In the far north of Mozambique, north of the coastal town of Pemba, lies the amazing Quirimbas Archipelago: about 12 major islands and 20 smaller, coralline outcrops. Throughout these islands the marine environments are pristine and largely unexplored.
The idyllic islands that comprise the Quirimbas Archipelago stretch for 155 miles along the northern Mozambican coastline, from the historic port of Pemba in the south to the town of Palma in the north. There are a couple of remote lodges; getting here can be costly. It is usually best combined with a safari to Tanzania.
With its 27 islands virtually untouched and unexplored, the Quirimba Archipelago represents one of the few tropical island destinations in the world still untainted by man’s influence. The 930 square mile Quirimbas National Park provides sanctuary for the remarkable flora and fauna residing in this marine area. Feeding and nesting grounds for sea turtles, dugongs, dolphins, sharks and whales are protected here, as is a vast expanse of tropical forest. Included within the park are 11 unspoilt coral islands, which are strung along the coastline for 62 miles in extent. These Mozambique coral atolls boast vertical drop-offs of up to 1,310 feet, abundant with coral-covered caves and tropical fish, ranging from gobies to mammoth napoleon wrasse, as well as game fish such askingfish and Spanish mackerel.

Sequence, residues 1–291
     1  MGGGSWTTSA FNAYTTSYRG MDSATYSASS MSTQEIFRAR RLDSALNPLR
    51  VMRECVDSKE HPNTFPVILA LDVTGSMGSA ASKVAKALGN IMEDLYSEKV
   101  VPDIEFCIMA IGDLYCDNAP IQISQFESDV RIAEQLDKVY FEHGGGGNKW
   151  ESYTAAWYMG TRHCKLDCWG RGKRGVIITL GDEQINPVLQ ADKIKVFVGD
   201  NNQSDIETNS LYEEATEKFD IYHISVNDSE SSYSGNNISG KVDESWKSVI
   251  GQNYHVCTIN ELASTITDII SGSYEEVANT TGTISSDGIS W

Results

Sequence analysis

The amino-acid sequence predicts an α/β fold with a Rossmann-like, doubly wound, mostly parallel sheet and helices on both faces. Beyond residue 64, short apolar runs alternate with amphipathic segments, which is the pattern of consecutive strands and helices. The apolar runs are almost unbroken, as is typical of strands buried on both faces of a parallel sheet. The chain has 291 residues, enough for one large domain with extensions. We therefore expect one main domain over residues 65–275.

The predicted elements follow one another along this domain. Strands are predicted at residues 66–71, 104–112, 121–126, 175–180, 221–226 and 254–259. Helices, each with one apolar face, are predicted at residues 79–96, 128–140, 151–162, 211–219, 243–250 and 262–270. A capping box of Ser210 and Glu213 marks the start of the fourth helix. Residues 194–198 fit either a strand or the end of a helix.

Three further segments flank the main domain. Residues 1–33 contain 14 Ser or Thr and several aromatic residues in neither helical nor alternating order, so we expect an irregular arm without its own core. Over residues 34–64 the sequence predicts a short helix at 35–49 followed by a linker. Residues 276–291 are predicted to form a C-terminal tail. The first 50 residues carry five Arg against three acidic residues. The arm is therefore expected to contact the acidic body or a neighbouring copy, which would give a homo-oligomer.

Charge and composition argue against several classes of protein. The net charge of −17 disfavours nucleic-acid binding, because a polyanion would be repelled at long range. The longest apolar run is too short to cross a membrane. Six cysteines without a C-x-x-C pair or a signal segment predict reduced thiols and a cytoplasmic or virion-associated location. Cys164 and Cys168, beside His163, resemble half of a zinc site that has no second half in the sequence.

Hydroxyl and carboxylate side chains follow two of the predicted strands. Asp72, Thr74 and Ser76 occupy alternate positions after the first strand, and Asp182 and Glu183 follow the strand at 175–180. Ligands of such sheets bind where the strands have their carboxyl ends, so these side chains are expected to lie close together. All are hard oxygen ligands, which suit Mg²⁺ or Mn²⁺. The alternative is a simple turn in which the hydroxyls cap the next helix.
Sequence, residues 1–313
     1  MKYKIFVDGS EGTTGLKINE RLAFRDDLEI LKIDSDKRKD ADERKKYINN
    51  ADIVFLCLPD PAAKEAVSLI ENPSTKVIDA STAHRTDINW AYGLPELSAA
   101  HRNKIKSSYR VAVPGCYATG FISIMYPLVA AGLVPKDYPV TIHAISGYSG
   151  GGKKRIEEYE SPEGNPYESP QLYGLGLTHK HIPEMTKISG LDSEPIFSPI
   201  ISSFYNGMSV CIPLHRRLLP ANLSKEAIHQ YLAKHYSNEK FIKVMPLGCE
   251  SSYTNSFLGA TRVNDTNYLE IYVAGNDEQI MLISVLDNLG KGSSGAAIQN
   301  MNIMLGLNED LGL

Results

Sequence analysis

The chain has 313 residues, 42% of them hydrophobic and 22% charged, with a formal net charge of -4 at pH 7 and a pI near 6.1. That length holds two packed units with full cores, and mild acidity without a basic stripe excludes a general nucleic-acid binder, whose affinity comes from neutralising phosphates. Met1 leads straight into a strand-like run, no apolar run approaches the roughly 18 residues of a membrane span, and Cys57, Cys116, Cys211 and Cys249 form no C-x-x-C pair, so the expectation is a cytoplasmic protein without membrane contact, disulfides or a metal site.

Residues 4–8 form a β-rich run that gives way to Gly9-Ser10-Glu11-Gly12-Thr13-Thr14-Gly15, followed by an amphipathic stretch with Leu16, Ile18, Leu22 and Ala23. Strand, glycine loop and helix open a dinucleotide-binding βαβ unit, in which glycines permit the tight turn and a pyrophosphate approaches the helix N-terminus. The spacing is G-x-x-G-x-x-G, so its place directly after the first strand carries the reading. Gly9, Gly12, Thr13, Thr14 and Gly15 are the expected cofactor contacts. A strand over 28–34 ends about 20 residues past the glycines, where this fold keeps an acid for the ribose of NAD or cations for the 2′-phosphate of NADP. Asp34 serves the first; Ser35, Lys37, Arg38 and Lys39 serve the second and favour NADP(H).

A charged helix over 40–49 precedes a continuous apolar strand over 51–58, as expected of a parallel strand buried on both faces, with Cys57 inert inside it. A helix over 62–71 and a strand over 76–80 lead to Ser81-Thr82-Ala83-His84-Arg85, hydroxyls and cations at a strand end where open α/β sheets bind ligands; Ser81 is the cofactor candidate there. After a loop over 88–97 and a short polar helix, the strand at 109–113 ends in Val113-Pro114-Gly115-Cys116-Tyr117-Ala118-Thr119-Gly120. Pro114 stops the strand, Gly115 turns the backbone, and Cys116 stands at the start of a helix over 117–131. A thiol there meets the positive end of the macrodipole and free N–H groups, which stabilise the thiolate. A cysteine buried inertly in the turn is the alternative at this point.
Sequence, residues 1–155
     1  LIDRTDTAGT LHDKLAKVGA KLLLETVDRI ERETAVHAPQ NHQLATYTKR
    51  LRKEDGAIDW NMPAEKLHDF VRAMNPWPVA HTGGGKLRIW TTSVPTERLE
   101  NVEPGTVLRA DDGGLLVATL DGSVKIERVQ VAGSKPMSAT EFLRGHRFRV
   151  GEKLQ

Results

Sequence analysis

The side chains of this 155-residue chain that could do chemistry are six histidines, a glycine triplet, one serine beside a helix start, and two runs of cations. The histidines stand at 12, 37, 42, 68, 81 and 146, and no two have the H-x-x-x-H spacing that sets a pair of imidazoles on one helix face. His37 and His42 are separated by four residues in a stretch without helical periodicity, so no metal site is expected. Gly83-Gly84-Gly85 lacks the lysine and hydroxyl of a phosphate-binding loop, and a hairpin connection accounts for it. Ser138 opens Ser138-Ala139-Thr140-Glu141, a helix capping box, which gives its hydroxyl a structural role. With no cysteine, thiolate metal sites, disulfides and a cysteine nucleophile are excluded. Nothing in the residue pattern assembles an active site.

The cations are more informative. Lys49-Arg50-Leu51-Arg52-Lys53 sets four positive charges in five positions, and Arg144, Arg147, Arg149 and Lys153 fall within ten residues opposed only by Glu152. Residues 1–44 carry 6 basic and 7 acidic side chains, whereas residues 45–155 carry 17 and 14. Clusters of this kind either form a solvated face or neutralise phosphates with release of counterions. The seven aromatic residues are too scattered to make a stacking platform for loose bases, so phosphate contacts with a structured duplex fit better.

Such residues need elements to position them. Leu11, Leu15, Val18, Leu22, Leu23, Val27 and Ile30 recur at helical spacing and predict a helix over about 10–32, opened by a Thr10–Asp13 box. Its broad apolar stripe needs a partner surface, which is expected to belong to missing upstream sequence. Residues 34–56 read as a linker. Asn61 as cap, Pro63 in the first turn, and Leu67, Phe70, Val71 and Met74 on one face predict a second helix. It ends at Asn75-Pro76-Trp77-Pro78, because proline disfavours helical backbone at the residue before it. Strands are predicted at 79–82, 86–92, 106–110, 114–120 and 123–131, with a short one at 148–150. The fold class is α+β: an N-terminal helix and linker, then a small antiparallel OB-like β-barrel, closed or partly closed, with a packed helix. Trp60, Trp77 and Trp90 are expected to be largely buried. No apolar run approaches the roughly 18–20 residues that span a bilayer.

The Quirimbas have enormous cultural and historical value and are a melting pot of Arabian, Portuguese, and African influences. Ibo Island, with its coral reefs, mangroves and magnificent old fortresses, has a fascinating and disturbing history.